Economic evaluation of the data initially showed that there appeared to be a benefit to dosing more frequently. During the trial period the total cost of deworming the SUPPR group was R163.51 and the liveweight gain gave an additional income of approximately R2758.00 resulting in a calculated financial gain of R2594.49 for 25 ewes when compared to the FMCH group. The cost of deworming the STRAT group for the trial period was R 104.65 and the liveweight gain gave an additional income of approximately R2261.00 which resulted in a financial gain of R2156.35 in comparison to the FMCH group for 25 ewes. The cost for deworming the FMCH group was R10.96 for the duration of the trial. However, these calculations were based on both pregnant and non-pregnant ewe data combined and therefore do not accurately reflect the cost and return for the farmer of meat had the pregnant ewes data been analysed together with those that did not fall pregnant during the trial. Once the pregnant ewes were separated from the rest, there was no significant difference between the three groups regarding liveweight gain. Therefore there was no financial benefit to the farmer in deworming either suppresively or strategically and in fact resulted in an economic loss due to the cost of anthelmintic when compared to using the FAMACHAİ system.
A shortage of feed due to unseasonal downpours leading to poor Body Condition Scores (BCS), forced the farmer to supplement the grazing and the FMCH group was able to make use of compensatory growth so that by the end of the trial, the was no significant difference in BCS between the groups.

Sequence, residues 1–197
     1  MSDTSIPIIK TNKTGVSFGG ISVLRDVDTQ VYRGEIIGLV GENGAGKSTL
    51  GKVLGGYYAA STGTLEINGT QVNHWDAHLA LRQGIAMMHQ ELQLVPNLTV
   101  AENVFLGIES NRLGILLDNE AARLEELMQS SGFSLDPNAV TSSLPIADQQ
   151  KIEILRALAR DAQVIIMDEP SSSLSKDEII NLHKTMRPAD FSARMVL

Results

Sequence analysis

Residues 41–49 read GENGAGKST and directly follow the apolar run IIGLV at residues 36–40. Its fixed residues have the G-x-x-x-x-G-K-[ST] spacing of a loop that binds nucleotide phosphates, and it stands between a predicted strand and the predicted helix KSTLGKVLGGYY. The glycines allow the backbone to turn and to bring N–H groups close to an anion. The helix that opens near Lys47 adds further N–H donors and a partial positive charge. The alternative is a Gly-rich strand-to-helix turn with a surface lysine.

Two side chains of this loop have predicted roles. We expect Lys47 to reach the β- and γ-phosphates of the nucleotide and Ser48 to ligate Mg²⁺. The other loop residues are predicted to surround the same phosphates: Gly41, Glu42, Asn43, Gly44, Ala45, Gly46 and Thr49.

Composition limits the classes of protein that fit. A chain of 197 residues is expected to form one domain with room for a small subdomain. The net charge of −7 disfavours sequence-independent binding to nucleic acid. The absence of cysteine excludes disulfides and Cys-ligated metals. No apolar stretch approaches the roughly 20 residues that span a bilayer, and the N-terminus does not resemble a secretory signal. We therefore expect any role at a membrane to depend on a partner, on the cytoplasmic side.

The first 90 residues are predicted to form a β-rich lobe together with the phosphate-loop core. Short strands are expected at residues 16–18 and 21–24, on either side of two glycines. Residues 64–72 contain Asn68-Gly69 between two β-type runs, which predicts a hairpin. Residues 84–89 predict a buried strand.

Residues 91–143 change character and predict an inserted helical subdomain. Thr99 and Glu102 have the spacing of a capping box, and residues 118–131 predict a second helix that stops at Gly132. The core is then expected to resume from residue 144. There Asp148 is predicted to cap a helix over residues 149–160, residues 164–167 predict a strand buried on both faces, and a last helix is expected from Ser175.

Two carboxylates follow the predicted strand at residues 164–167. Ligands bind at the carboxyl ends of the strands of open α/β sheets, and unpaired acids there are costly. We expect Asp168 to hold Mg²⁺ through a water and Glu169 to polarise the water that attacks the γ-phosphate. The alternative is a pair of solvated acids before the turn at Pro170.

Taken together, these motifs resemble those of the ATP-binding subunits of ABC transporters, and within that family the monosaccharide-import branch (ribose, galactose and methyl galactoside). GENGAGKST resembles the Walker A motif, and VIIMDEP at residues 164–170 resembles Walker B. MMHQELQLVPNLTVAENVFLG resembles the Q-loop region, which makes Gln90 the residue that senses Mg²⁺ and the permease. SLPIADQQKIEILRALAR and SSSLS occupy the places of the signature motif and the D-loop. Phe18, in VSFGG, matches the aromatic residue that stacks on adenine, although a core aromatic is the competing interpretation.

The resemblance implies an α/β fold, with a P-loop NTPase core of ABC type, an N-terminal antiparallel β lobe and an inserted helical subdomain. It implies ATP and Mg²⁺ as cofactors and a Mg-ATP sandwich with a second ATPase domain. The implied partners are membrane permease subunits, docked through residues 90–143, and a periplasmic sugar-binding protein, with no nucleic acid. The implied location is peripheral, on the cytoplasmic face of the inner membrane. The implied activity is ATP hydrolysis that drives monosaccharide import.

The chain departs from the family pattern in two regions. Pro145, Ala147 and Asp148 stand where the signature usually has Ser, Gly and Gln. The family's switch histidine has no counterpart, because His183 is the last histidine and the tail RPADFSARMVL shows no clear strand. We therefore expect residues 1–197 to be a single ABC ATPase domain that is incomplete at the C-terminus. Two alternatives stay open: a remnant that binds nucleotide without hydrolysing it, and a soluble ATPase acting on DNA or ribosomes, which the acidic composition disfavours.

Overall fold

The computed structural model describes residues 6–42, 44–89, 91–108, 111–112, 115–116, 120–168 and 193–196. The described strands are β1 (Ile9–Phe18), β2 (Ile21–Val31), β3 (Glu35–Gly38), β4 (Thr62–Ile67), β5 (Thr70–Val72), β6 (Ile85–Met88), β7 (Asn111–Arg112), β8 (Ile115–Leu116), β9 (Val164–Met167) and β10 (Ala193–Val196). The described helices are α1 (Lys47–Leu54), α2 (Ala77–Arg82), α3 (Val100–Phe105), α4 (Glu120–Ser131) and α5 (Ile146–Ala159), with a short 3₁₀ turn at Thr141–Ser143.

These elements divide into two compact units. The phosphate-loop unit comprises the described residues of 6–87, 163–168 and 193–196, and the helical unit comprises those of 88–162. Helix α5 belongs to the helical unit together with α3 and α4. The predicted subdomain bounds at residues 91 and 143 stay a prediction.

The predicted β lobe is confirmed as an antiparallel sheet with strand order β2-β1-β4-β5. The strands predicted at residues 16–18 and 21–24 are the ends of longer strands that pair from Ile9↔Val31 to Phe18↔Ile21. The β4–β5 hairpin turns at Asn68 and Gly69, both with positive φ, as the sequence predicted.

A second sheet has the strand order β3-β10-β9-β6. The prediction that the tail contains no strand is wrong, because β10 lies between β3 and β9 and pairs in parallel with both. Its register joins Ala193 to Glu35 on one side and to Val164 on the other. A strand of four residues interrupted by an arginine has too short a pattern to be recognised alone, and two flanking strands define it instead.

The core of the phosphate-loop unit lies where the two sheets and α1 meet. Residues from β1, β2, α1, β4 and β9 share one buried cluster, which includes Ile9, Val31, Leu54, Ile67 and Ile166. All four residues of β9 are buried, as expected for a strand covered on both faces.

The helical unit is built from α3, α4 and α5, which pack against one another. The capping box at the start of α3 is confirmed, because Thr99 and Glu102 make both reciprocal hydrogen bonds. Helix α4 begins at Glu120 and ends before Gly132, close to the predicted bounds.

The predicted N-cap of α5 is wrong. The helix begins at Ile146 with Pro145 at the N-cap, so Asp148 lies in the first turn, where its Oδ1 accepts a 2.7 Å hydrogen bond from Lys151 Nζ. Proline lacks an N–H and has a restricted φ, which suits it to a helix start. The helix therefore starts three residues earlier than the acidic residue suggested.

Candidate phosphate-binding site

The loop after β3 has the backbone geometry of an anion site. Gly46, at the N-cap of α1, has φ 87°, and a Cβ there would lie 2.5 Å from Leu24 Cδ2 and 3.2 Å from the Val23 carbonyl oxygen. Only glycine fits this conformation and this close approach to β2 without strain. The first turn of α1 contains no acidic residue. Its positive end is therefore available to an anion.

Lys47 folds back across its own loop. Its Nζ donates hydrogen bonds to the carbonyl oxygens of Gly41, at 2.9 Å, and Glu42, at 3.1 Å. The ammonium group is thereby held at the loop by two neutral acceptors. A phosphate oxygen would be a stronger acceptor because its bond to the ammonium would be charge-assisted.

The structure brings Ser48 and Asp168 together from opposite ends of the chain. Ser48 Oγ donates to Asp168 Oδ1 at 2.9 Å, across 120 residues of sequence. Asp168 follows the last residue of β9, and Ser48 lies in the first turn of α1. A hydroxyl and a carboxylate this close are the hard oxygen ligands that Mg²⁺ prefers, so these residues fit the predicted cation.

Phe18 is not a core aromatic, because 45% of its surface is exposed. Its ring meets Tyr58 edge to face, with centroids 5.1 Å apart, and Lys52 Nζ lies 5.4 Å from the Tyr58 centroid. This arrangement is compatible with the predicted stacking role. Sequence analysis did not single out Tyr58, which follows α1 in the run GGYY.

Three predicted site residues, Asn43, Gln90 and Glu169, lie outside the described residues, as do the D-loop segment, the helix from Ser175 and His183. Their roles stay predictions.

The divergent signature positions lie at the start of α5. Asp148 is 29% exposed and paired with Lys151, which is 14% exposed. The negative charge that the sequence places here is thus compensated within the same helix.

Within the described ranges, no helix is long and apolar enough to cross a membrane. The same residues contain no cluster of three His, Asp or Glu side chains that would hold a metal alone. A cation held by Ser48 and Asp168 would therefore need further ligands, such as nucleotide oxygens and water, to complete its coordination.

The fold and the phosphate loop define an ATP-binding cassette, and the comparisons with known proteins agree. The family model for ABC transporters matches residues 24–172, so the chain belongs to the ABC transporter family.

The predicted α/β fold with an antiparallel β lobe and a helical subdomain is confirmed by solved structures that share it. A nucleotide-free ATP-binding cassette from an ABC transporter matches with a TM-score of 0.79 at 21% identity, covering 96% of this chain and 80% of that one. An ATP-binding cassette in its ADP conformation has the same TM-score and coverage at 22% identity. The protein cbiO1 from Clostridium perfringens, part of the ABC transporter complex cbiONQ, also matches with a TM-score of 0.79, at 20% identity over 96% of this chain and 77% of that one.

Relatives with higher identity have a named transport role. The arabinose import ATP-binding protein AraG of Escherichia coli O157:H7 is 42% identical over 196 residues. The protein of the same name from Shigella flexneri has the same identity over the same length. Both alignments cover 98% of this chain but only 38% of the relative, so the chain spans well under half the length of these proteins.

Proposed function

The FAMACHAİ system allows for selective targeted use of anthelmintics, and studies to date are contradictory on whether or not production is significantly affected by applying the FAMACHAİ system to control H. contortus. However, this trial concluded that there is no significant difference in selected production parameters when using the FAMACHAİ system as opposed to other methods of anthelmintic use in a Mutton Merino flock in a semi-intensive farming system. The FAMACHAİ system is therefore the preferred method of worm control, where the major parasite problem is Haemonchus contortus, as other methods compared in this trial are not sustainable with regards to the worldwide increase in anthelmintic resistance (AR) and now with the increase in multiple anthelmintic resistance (MAR) on certain farms. It is also evident from this trial that the FAMACHAİ system cannot be used in isolation as nutrition also plays a vital role in resistance and resilience of individual animals. Therefore if nutrition and other management practices are poor, the FAMACHAİ system cannot be blamed for financial and production losses.
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Please cite as follows:
Leask, R 2010, The effect of application of the FAMACHAİ system on selected production parameters in sheep, MMedVet dissertation, University of Pretoria, Pretoria, viewed yymmdd < http://upetd.up.ac.za/thesis/available/etd-12222010-155206/ >